Thompson takes lead in compensation suit against NCAA

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Derek Thompson, North Texas’ former starting quarterback, has agreed to be the lead plaintiff in a federal antitrust lawsuit alleging that the NCAA and its member conferences have conspired to deny college athletes adequate compensation for their performances.

Thompson said this week that his college career that included three seasons as a starter could not have been a better experience. But he said his financial situation off the field led him to become a crusader for college athletes who help their schools make millions through football, basketball and other sports.

“The perception is that since I didn’t make it to the NFL that I am trying to get money,” said Thompson, who is starting his first year as an assistant coach at Denton High School. “That’s not the case. I don’t care if I get a dime. I want to make the situation better for future student-athletes.”

The federal suit filed Friday in U.S. District Court in Minneapolis alleges that college scholarships do not cover the full cost of attendance and that the NCAA and its member conferences have set a ceiling for the compensation athletes receive. The suit seeks to remove that ceiling and allow schools and athletes to compete in an open market.

Thompson is the only named plaintiff in the lawsuit. Brian Gudmundson, his attorney, said several former college athletes are involved in the suit.

Gudmundson said the suit seeks to be certified as class-action complaint. His firm specializes in class-action suits.

The complaint could be combined with other suits in a northern California federal court and heard by U.S. District Judge Claudia Wilken, who ruled against the NCAA in a case brought by former UCLA basketball star Ed O’Bannon last week.

Wilken’s ruling said that the NCAA’s current rules “violate antitrust law” by preventing football and basketball players from selling the rights to their names and likenesses often used in video games.

Gudmundson said the Thompson case makes a similar argument.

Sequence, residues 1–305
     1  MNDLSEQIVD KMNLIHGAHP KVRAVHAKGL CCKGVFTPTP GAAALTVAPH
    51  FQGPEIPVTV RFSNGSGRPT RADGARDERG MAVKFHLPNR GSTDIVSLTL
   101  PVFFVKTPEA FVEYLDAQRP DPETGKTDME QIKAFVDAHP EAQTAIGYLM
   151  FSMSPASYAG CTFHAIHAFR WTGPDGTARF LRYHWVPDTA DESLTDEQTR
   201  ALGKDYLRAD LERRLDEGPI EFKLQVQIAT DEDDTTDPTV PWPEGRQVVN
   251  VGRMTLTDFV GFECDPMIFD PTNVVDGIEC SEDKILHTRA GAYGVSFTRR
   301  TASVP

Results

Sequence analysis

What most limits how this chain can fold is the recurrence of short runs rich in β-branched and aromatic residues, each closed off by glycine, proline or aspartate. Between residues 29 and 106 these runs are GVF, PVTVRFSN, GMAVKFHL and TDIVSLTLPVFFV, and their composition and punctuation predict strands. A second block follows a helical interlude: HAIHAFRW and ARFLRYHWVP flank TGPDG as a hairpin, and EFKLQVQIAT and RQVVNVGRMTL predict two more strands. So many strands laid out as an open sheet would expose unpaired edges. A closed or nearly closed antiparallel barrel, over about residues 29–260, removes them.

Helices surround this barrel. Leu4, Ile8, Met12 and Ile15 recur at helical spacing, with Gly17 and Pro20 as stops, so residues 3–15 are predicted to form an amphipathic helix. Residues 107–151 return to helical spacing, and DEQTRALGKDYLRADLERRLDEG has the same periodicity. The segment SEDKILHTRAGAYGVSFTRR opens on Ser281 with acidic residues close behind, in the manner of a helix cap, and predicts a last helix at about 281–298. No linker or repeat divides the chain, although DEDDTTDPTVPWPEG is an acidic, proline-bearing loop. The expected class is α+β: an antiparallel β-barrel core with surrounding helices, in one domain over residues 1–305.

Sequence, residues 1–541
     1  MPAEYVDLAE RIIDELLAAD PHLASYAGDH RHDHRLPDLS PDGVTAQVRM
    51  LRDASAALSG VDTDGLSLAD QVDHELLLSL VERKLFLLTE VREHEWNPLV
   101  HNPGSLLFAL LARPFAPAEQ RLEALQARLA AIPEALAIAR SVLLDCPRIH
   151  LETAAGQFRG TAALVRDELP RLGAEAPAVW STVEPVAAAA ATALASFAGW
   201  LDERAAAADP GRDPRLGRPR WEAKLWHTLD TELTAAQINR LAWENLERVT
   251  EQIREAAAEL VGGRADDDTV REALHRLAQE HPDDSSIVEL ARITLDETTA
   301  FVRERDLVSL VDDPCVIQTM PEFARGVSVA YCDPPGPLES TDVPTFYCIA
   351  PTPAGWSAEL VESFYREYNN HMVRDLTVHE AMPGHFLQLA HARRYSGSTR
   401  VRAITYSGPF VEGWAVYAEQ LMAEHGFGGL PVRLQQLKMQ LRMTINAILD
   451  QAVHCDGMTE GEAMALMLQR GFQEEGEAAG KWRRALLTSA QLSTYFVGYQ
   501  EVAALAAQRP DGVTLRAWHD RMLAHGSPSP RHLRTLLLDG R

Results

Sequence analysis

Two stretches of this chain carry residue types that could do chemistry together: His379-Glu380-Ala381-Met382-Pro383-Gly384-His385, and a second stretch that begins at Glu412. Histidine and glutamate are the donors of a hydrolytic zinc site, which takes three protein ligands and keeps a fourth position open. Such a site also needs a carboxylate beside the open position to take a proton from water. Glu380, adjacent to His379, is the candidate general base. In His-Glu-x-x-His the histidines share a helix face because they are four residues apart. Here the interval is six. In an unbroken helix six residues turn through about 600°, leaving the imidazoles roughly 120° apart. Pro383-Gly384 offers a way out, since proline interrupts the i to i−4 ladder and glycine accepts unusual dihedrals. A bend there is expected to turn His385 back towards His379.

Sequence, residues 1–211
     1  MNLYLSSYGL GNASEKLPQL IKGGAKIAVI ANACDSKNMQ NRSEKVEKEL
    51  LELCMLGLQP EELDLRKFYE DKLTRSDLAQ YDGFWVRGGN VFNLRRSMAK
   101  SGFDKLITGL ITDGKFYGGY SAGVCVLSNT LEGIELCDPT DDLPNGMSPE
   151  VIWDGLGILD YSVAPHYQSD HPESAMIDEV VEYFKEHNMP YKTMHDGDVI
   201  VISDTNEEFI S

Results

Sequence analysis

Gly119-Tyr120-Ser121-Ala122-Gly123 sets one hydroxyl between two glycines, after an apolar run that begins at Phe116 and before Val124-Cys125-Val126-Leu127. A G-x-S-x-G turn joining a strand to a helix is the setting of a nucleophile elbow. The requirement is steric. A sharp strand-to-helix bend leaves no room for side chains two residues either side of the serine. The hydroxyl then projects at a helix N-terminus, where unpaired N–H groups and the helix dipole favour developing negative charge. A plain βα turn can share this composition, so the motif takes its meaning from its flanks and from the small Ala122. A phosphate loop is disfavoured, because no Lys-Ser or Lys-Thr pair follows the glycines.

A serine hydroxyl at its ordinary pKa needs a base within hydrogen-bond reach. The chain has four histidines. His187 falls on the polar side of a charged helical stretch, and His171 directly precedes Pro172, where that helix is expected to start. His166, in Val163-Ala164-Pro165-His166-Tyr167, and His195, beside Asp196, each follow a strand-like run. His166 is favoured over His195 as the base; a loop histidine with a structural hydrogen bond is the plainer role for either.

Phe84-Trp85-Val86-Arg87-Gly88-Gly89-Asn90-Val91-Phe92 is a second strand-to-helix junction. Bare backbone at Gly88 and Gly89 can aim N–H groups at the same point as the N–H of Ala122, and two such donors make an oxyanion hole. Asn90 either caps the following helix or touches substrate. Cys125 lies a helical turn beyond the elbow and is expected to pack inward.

“This is a case to try to allow competition in the market place,” Gudmundson said. “The NCAA has dictated what colleges can offer students. What they are offering is not sufficient. As things change, we want to have a voice in that change and allow student-athletes to participate in a free market.”

The NCAA contends that the scholarship model appropriately compensates athletes.

“We have reviewed the case and note its similarity to cases already filed challenging the athletics scholarship model,” Stacey Osburn, the NCAA director of public and media relations, wrote in response to a question about the NCAA’s stance on the lawsuit. “Like those cases, we continue to believe the award of athletics scholarship is appropriate and lawful.”

Thompson spent five years at UNT and finished his career ranked second on the school’s career passing list with 7,447 yards. The former Glen Rose standout threw for 256 yards and two touchdowns in the Mean Green’s 36-14 win over UNLV in the Heart of Dallas Bowl in his final college game.

Thompson was named the game’s MVP.

While Thompson said he enjoyed his experience at UNT, he believes college athletes often are not provided the financial support they need.

“The amount of money given to scholarship athletes doesn’t match the cost of attendance,” Thompson said.

The issue was one both C-USA commissioner Britton Banowsky and UNT coach Dan McCarney addressed at the league’s annual media day in Irving this summer.

Banowsky said the league is committed to providing full-cost-of-attendance scholarships that would give student-athletes an additional $1,500 to $5,000 per year beyond the cost of tuition, books and room and board.

“We think it is the right thing to do,” Banowsky said. “That does not violate the principles of the collegiate model.”

McCarney also supported the move but said his bigger concern is the level of support student-athletes have overall.

“If we worry more about how much money they have in their pockets instead of preparing them for the journey we call life and getting a degree, then we have problems,” McCarney said. “I will fight for that as long as I coach.”

Thompson says that by participating in the lawsuit he can help change the future of college athletics for the better.

“Derek’s a solid guy who puts the interest of others before himself,” Gudmundson said. “He wants to help the school and the sports he loves. Derek is not in this to get a couple of bucks.”


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